Tag Archives: gesture-based computing

From Muggle Mouse to Magic Mouse: Fixing the Little Bug in Apple’s Magic Mouse

Quick post here: bought an iMac in the summer, a nice 24 incher.  Got a good deal b/c it was a certified refurb (used for Apple demos and what not).  Shipped the bad boy to Israel with all our other stuff.  Little did I know, Apple was coming out with a new version of the iMac in October.  This one came with more speed, memory, and toys, the crown jewel of which was the Magic Mouse.

What truly magical device: it is basically a touch response mouse, no buttons, no scroll wheel; just a sleek surface that you can click, scroll, squeeze, slide, and gesture on to make things happen.  Reminds me of what I love the iPhone for.  Check out this demo:

Problems in paradise.  My “older” iMac was not seeing the mouse as “magic.”  It picked up the bluetooth signal and functioned like a regular old wireless mouse, but no multitouch or gesture recognition, the whole reason I bought it in the first place.  This was frustrating.  The reason I pay so much for Apple products is they usually just work, right out of the box.  This was not going to work for me.

I went digging through the ether for any explanation of how to fix my new toy.  Found this great article Give Your Magic Mouse More Gestures and even downloaded the demo version of a software that adds extra gestures (will let you know how that goes once I get the magic back in my mouse).  Google also revealed this article about Magic Mouse Not Working for Some (mainly those of us who bought free standing Magic Mice, rather than new iMacs).  But it was on YouTube that I found this great video and a new blog that I plan to frequent: Technizmo.

The issue is this: if you own an Apple computer that did not come with the Magic Mouse, your copy of Snow Leopard needs a firmware update to work with the magic mouse.  You can get it here.  Many thanks to Technizmo for showing me this (would have been nice if Apple included this little fact in the instructions).

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Will Gesture-based Computer Make e-Content Feel More … Human?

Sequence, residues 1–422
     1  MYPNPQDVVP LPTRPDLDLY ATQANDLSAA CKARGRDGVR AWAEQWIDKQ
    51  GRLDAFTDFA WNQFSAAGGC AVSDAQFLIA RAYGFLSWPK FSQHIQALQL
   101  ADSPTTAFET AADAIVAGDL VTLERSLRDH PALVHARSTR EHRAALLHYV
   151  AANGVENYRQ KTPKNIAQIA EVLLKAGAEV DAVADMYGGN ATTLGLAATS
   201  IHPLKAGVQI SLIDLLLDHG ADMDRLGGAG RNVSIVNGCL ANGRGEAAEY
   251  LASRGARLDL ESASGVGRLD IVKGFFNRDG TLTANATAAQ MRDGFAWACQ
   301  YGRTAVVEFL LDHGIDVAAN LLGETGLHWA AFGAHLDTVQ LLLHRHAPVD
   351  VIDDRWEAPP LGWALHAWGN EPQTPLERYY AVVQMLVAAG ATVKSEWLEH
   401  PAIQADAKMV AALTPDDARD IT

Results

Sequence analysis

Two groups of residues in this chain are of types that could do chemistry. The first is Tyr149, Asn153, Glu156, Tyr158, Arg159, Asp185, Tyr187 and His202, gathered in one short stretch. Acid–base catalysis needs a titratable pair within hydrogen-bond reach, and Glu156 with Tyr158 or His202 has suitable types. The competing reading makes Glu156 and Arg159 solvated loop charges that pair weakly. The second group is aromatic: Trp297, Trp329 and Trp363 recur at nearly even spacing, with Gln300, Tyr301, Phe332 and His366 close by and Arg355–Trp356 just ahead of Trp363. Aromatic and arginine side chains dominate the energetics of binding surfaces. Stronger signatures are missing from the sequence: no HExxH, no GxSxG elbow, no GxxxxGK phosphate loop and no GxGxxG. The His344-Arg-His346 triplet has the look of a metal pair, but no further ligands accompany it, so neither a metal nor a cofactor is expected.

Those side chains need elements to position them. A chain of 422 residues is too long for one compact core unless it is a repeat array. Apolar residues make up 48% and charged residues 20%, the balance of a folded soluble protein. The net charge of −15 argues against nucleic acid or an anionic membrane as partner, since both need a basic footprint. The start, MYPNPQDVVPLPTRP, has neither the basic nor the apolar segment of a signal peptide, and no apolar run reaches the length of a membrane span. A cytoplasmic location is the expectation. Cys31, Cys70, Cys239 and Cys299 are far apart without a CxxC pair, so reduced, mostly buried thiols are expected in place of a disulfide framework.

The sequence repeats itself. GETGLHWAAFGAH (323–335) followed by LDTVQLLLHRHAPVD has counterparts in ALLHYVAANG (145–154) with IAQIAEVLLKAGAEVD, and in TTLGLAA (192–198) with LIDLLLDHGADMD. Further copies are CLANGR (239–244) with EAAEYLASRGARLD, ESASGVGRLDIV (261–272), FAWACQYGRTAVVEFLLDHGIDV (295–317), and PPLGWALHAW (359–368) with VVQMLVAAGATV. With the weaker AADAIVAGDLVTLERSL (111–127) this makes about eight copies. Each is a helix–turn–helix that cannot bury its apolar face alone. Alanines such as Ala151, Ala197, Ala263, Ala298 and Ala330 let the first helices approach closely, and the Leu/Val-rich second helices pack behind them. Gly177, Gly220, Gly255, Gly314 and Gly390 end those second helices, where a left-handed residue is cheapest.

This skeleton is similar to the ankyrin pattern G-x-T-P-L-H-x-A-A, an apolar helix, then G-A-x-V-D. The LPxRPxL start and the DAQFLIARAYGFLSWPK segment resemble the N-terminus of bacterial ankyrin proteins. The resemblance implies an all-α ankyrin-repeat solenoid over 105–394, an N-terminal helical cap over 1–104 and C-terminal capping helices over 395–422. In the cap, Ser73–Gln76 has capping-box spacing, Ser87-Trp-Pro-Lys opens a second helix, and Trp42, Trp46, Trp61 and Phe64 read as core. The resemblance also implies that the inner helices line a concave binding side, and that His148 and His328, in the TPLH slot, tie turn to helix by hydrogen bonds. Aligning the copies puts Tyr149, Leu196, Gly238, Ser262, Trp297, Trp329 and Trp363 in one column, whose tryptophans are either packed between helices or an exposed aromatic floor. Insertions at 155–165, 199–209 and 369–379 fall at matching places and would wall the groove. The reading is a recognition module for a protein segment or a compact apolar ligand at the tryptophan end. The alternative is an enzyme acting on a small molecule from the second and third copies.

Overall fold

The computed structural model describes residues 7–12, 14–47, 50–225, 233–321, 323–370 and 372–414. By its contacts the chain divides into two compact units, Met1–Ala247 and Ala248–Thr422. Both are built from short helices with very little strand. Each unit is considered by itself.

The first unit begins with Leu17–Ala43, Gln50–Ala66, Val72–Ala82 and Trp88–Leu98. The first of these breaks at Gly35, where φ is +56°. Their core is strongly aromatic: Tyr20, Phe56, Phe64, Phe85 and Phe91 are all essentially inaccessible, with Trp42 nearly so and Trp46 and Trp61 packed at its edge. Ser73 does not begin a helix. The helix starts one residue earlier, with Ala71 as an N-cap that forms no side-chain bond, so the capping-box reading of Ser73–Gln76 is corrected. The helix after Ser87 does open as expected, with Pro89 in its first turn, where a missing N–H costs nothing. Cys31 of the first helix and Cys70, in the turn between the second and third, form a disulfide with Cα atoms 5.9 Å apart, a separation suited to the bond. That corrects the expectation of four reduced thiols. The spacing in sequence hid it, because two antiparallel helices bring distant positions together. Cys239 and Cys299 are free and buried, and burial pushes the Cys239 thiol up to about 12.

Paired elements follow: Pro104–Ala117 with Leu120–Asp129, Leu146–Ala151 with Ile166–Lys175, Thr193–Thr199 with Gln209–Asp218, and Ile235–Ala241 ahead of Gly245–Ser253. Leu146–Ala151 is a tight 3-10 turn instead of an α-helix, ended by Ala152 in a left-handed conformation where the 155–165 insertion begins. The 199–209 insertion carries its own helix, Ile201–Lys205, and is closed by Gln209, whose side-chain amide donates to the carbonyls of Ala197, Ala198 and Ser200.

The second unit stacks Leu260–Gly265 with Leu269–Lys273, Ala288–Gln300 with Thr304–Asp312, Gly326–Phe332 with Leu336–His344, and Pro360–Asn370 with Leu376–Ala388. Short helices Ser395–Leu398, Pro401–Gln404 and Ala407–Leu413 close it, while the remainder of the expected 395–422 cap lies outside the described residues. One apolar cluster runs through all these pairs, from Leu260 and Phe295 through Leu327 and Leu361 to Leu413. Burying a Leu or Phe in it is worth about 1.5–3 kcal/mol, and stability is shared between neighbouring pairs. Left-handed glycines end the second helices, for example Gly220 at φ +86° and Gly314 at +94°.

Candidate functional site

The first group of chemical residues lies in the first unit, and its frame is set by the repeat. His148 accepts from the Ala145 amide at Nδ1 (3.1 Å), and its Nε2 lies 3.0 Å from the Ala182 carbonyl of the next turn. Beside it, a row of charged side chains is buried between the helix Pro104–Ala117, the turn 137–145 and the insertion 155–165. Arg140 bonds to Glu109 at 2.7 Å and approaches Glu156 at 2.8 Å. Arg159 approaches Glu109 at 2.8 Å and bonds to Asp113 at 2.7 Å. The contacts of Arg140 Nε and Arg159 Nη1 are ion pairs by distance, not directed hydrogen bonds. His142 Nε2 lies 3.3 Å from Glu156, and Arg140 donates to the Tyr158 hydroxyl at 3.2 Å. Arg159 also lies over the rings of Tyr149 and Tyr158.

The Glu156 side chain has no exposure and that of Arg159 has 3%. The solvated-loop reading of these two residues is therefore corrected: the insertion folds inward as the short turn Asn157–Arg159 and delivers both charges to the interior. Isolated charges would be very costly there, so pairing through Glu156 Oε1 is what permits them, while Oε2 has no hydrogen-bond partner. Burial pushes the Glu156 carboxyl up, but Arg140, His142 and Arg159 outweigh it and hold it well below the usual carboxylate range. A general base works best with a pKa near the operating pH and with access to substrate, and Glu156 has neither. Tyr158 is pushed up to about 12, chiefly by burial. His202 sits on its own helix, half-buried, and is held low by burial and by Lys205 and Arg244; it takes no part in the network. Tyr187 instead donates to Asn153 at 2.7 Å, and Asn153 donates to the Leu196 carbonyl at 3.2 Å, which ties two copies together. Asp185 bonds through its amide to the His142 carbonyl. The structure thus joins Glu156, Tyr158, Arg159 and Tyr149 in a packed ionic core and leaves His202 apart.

Wired magazine’s article, Gestures of War, got me thinking: one of the main issues with e-content by the traditionalists (or pulpists as I call them), is that they like the tactile feel of the book in the hands. It’s the turning of the page and the intimacy of printed books that make them superior to anything they have seen on screen. I am inclined to agree with them; coming from a Yeshiva (Jewish seminary) world, I love printed materials (book smell ranks #2 on my list, ahead of gasoline, vanilla, and snow). But in a connected, mobile, digital world are we just being nostalgic about the only experience we are familiar with?

The battle over touch-based computing now raging between Apple, Palm, and others cites IP rights to gesture descriptions used in patents to interface with the device. Wired posits these gestures are ones that “humans have been making since we developed opposable digits.” It would be impossible to develop competing technologies without using some of the same intuitive gesturing that makes Apple’s iPhone such a pleasure to use (this is similar to Microsoft’s failed attempt at holding onto an IP monopoly on cascading windows). As gesture-based computing goes mainstream it will change the way we feel about the intimacy of our e-content.  Similar to mothers no citing the health benefits of Wii and seeing their chunky little monsters get up off the couch, gesture-based computing may garner the acceptance e-content needs to become the standard in education.

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more about “Microsoft Surface“, posted with vodpod

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